Another experiment currently on its way to space is the DLR Magnetic Field Experiment (MFX) instrument: “The objective is to analyse the interaction between Earth’s magnetic field and an electrical conductor – thus allowing us to simulate the interchange between the interplanetary magnetic field and objects within the Solar System", explains Volker Schmid. There are also some special items of clothing for Alexander Gerst’s fitness programme on board; the Spacetex experiment is designed to investigate new textiles that, after their use in space, will be analysed back on Earth to determine microbial contamination and the development of odours, helping the scientists expand their knowledge of the body’s heat exchange mechanisms under extreme environmental conditions. Other experiments on board the ATV-5 are intended to provide information on how much energy the astronauts need (ENERGY) or to measure environmental conditions to transmit the data to a base station using a Wireless Sensor Network (WiSeNet).
Vital necessities for the space station and crew
The ATV is not only used to transport experiments. Almost 3000 kilograms of fuel are also being carried to the Station to replenish the Russian fuel tanks on the ISS and to conduct orbital corrections on the ISS; the ATV performs these regularly during the months when it is docked with the Space Station. There are also 855 kilograms of drinking water from a spring close to the Italian city of Turin. The spare parts in the cargo hold of the Georges Lemaître include a pump used on board the ISS to convert urine into drinking water. “Each ATV brings very different freight to the Space Station – depending on what is needed,” explains Schmid.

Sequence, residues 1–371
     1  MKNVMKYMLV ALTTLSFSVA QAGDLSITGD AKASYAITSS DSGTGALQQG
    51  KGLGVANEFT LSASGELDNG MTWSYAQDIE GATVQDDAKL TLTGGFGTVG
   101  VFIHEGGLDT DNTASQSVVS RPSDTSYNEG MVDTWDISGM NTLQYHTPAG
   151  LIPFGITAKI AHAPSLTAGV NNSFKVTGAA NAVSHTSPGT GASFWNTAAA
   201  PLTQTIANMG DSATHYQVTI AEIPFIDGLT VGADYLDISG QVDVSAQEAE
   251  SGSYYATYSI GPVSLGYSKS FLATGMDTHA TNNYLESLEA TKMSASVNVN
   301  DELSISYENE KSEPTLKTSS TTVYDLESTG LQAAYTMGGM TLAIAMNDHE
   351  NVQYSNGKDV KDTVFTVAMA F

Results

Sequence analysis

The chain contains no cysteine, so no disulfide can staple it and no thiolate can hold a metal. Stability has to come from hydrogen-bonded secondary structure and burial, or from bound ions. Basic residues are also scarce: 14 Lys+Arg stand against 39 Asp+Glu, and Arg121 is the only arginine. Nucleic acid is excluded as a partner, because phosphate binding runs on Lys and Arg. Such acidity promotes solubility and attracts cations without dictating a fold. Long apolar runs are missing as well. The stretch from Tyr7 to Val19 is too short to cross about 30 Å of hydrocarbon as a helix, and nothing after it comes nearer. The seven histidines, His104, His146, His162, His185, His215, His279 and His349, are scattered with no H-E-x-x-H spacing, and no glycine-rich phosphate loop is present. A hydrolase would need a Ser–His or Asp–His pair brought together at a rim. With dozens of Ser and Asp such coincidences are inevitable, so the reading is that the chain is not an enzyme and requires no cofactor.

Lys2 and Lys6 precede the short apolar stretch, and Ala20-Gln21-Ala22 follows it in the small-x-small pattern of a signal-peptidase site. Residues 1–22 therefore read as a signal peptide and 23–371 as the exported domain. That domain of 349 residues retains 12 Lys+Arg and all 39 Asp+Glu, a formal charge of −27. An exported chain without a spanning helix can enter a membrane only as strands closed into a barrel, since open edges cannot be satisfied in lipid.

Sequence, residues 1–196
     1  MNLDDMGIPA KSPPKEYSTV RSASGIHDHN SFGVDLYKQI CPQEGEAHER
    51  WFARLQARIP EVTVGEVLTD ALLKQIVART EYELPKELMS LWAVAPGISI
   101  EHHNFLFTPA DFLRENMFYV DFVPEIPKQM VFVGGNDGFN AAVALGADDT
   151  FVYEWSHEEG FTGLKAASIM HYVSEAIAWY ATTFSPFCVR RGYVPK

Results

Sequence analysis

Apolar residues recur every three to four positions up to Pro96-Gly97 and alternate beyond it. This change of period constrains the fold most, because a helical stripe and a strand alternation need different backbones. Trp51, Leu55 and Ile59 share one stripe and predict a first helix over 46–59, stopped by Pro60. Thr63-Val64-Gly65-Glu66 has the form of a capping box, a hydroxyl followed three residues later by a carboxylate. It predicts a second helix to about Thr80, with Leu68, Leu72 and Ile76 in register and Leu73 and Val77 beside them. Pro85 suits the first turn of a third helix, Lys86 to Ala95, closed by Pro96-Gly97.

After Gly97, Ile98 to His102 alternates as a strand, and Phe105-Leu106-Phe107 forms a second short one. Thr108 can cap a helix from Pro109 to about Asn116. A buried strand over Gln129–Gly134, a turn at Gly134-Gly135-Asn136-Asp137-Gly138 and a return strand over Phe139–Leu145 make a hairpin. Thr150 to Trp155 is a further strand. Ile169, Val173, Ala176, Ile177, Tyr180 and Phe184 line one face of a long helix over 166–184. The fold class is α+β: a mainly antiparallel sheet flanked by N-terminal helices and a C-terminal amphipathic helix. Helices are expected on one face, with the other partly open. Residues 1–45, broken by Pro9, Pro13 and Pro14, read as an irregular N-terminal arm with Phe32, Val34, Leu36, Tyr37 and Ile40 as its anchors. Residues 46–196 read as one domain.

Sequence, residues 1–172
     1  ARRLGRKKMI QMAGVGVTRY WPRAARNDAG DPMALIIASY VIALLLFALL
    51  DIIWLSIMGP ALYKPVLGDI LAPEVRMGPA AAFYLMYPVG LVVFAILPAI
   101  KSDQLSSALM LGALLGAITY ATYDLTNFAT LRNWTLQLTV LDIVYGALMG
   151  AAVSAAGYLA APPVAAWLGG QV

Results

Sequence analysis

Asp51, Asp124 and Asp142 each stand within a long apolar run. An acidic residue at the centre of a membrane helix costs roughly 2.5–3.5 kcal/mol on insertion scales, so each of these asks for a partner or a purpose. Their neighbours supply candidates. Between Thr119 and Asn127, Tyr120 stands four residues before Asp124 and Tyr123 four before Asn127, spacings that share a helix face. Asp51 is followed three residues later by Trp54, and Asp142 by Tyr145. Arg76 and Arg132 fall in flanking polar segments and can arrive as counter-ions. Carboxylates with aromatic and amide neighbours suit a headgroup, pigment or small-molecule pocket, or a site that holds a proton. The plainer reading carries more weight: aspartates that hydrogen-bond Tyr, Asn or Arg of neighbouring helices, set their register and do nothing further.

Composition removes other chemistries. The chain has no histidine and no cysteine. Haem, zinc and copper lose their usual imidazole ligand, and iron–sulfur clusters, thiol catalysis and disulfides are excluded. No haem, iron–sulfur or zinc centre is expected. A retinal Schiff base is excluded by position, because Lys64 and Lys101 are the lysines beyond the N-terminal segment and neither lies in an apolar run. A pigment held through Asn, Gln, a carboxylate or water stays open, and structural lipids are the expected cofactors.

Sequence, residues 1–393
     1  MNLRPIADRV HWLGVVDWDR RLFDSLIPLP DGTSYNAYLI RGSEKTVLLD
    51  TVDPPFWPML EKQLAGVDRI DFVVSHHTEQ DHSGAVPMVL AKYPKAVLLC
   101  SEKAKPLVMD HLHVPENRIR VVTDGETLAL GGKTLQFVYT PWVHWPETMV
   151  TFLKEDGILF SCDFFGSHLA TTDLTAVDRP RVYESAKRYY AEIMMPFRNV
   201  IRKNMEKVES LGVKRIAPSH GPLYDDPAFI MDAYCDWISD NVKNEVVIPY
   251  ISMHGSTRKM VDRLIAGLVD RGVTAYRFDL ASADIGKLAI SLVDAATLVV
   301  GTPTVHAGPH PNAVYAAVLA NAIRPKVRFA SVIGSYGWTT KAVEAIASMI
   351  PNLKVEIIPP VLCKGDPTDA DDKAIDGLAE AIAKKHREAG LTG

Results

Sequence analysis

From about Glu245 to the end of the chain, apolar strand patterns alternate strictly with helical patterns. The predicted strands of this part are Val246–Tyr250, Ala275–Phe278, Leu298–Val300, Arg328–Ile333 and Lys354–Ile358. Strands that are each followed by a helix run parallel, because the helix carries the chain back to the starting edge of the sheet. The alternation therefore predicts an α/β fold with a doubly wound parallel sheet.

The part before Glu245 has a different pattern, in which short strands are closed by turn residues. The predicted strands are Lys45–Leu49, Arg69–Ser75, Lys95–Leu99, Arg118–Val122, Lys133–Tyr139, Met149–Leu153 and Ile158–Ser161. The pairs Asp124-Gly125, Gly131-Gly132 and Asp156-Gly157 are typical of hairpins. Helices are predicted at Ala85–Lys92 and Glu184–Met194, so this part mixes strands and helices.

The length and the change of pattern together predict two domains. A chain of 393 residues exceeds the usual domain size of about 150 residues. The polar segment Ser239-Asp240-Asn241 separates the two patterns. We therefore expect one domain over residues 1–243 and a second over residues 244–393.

The first unloading task falls to Alexander Gerst, who will also be responsible for monitoring the automatic docking procedure for the ATV in August 2014. He will transport the electromagnetic levitator from the cargo hold to the Columbus research module. Only then will the remaining freight be accessible, and that is bound to include the odd item that Gerst and his colleagues will see as welcome variety on their everyday menu. Georges Lemaître is carrying ‘bonus food’ – the astronauts’ personal favourites. The German astronaut asked for his package to include Kässpätzle (cheese noodles), lentils, sausages and semolina. The arrival of the ATV will also replenish the stocks of coffee on board the ISS. Finally, a small ‘Orbit Heart’, no bigger than a golf ball, from the Stiftung KinderHerz (Children’s Heart Foundation) charity rounds off the supplies. The charitable foundation funds the treatment of congenital heart defects among children, using technologies developed for aerospace, among them tiny saucer-like disks made of NiTinol (a nickel-titanium shape memory alloy), a material first used for satellite components and now employed to close holes in children’s hearts.
Scientific data to the end
The space transporter will remain docked with the Space Station for roughly six months. It will then be dispatched on its final journey towards Earth’s atmosphere, filled with several tons of waste. A controlled re-entry will take place over the South Pacific and the ATV-5 will disintegrate and burn up – while sending important data back to Earth, helping the engineers acquire valuable insights for the end of the ISS and its eventual return to Earth’s atmosphere.